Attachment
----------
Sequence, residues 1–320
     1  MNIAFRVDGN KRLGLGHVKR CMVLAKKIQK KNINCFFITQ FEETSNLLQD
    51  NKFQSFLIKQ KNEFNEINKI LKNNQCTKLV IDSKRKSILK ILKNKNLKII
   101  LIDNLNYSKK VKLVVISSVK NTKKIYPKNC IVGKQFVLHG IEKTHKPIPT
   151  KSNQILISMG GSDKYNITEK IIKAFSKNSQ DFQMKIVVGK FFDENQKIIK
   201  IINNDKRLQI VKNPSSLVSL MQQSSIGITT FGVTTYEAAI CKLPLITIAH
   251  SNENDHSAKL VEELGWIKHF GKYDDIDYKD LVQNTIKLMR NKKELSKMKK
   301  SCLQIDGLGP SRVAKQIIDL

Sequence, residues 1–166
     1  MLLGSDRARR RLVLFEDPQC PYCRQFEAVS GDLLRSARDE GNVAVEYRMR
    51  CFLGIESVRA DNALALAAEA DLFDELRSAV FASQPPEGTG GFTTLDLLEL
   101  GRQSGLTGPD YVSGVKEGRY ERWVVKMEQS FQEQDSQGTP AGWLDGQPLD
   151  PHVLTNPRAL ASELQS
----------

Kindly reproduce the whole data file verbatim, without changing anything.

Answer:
Sequence, residues 1–320
     1  MNIAFRVDGN KRLGLGHVKR CMVLAKKIQK KNINCFFITQ FEETSNLLQD
    51  NKFQSFLIKQ KNEFNEINKI LKNNQCTKLV IDSKRKSILK ILKNKNLKII
   101  LIDNLNYSKK VKLVVISSVK NTKKIYPKNC IVGKQFVLHG IEKTHKPIPT
   151  KSNQILISMG GSDKYNITEK IIKAFSKNSQ DFQMKIVVGK FFDENQKIIK
   201  IINNDKRLQI VKNPSSLVSL MQQSSIGITT FGVTTYEAAI CKLPLITIAH
   251  SNENDHSAKL VEELGWIKHF GKYDDIDYKD LVQNTIKLMR NKKELSKMKK
   301  SCLQIDGLGP SRVAKQIIDL

Sequence, residues 1–166
     1  MLLGSDRARR RLVLFEDPQC PYCRQFEAVS GDLLRSARDE GNVAVEYRMR
    51  CFLGIESVRA DNALALAAEA DLFDELRSAV FASQPPEGTG GFTTLDLLEL
   101  GRQSGLTGPD YVSGVKEGRY ERWVVKMEQS FQEQDSQGTP AGWLDGQPLD
   151  PHVLTNPRAL ASELQS